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The Significance of Realism in Fiction

Posted by CW64 on October 20, 2009

Earlier this evening, I read an article discussing the level of realism in TV medical shows. The article featured an actual doctor who distinguished the accuracies and inaccuracies regarding a collection of new shows due out this fall. His explanations were very detailed regarding the particular scene and certain procedures and hospital protocol. Following the article were five comment pages filled mostly with criticisms by those who work in the medical field in one capacity or another. Their points were very poignant and insightful. That got me to thinking about how realism, or reality, is depicted in fiction.

What role does or should reality play in fiction? How should the creator or creators  (writer/producers/actors and actresses) approach it?

I consider this point every time I site down and write, even in works that deal with the paranormal, such as ghost stories (yes, I believe in ghosts, although I am not one to accept every claim as an actual haunting. Some ghost stories are more realistic than others. I stay away from the monsters and blood-and-gore, such as Halloween. I am skeptical, too, so I remain open-minded). I make sure that the level of realism feels right and does not threaten the integrity of the story. I am imaginative (you have to be to be a fiction writer), but I am very level-headed as far as my thinking goes; I am casual and laid-back, but I am an intellectual.

So what about reality and realism?

Let me share, or elaborate further, on an aspect of myself already mentioned "About Me": my ongoing interest in and research on the Titanic , the ship that came in contact with an iceberg on the night of April 14, 1912, and sank, taking 1,496 of over 2,200 people to their deaths (yes, this count is accurate, and I have documentation to verify it). I have been into the Titanic since I was a child, and I have conducted research most of that time. Eight movies were made on the event, and not one is 100% based on the reality of what actually happened. Why? Because most details are not confirmed, so no one knows everything for certain; much is merely conjecture. That said, much of what we know or what was even possible for that time has come out short in every single movie.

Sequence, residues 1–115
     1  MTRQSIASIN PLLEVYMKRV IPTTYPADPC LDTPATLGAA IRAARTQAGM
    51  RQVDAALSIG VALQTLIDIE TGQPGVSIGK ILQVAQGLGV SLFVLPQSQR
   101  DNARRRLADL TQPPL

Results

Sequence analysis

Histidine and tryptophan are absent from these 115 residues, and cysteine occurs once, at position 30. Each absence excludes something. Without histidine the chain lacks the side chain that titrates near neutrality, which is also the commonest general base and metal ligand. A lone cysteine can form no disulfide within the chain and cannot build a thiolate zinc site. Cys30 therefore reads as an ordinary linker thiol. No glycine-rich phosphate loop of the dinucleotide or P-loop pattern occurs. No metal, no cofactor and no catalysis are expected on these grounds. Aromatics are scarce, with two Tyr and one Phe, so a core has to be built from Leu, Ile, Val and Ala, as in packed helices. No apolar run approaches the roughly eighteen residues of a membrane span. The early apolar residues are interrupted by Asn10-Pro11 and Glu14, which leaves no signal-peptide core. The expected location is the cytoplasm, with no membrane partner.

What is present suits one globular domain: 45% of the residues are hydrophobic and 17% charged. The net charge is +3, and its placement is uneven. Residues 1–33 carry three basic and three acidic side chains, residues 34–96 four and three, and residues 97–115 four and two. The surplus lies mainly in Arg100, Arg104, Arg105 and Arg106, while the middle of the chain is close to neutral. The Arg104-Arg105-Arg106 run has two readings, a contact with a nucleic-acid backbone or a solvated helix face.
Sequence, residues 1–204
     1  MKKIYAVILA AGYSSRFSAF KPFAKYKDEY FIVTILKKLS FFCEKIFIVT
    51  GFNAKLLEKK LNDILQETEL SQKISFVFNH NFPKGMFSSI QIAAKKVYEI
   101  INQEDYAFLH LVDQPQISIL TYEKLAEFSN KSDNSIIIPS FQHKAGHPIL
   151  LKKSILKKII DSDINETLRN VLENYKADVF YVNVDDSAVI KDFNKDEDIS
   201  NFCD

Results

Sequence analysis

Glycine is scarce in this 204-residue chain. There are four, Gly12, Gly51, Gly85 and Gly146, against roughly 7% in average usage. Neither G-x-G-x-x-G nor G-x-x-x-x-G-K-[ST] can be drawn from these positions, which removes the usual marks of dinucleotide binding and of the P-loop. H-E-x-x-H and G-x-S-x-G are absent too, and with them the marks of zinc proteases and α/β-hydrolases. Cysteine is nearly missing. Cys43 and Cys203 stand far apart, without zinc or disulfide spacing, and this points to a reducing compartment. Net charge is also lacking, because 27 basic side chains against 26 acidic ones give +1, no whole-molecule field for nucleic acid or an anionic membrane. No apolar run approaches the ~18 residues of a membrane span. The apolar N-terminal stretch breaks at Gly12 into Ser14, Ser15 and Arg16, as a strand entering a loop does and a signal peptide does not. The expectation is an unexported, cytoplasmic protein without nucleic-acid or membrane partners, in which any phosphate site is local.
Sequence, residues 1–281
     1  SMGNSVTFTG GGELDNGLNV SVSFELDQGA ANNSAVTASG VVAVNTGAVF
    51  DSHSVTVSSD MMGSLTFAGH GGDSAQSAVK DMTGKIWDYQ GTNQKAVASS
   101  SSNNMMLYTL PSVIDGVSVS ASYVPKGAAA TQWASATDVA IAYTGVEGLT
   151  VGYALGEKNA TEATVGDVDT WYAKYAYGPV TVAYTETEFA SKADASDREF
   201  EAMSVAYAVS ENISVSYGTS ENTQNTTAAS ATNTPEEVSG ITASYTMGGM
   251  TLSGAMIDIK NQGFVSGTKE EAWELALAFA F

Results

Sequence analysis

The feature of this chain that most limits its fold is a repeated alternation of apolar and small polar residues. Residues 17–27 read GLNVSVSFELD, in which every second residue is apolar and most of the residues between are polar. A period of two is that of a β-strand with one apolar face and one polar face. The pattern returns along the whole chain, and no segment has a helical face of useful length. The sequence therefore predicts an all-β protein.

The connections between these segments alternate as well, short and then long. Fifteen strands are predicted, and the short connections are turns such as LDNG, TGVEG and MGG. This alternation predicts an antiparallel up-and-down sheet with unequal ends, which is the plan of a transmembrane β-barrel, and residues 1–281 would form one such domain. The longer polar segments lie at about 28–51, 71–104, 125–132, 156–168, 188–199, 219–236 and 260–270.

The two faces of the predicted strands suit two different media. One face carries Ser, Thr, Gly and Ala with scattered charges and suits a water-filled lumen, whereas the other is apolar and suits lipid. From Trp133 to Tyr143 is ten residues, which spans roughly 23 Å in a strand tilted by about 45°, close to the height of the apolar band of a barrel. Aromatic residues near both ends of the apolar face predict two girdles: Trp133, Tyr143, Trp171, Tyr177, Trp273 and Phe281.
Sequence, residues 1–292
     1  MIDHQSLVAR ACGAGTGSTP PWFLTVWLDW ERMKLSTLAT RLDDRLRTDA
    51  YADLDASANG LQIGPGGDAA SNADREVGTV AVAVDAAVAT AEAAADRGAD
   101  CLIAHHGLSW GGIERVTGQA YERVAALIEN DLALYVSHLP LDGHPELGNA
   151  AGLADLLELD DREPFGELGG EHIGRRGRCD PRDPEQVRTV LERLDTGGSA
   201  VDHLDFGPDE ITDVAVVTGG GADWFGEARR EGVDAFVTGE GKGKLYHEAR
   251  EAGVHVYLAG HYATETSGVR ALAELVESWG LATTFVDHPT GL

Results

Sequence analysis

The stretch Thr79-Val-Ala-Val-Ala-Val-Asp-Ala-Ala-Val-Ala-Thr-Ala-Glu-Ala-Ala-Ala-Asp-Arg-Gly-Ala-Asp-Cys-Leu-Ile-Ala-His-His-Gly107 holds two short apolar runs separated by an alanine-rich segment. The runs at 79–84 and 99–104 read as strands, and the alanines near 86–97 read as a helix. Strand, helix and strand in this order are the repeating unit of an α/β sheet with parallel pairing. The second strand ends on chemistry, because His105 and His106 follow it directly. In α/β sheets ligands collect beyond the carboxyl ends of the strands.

Why is this?

Well, filmmakers explain that they need to create "drama and suspense". That’s interesting, considering that the actual event was already dramatic in its own right. If this were the case, why not stick to the reality and realism instead of ignoring them to create "drama and suspense"? Does that makes sense?

In my opinion, no.

Filmmakers’ real reason for avoiding reality to create said "drama and suspense," even in light of the facts and culture indigenous to the original event, can be summed up in two words:

Artistic liberty .

Changing aspects of a story, especially in a depiction of an actual account, allows filmmakers to have control over their creation, even to the point of thinking that they are manipulating history in some way. I enjoy all of those movies on the Titanic, but I cannot help but point to all the little and grandiose inaccuracies every time I watch them. I cringe.

Yes, I realize that these works are only movies–"entertainment"–but I am funny that way. Movies designed to reflect a particular event in history should respect that event and time period, right down to the specifics and cultural mores. When certain data are unknown, theorizing must be done based on already known criteria of the event or era.

For example, in the latest Titanic movie, filmmaker James Cameron (whom I respect and greatly admire) revolves the story not around the sinking itself, but around an unlikely  scenario of a romance between a first-class passenger and a steerage passenger.

Well, that could have happened, right?

With what experts and scholars already know about the caste system of the early twentieth century, the answer is an unequivocal No! At that time, the classes did NOT intermingle, at least not romantically; the three caste sections aboard Titanic—first-, second- and third-class—were isolated from one another for that reason, and no one dared cross the line, not that anyone wanted or intended to do so.

If a filmmaker wants to take such liberties, why not create an indistinct setting in a similar era and tell the story s/he wants  (i.e. create a fictional boat or place with fictional people set within an actual time period)? This way, s/he would not be restricted by the reality of the one particular place or event.

Again, in my opinion (and please remember: I am well-versed on Titanic), taking too many liberties can and quite often does offend the event, the time period, those who were involved, and even the intelligence of the audience.

Yes, I support and engage in my own artistic liberty, but not to such an extent that it undermines or distorts reality.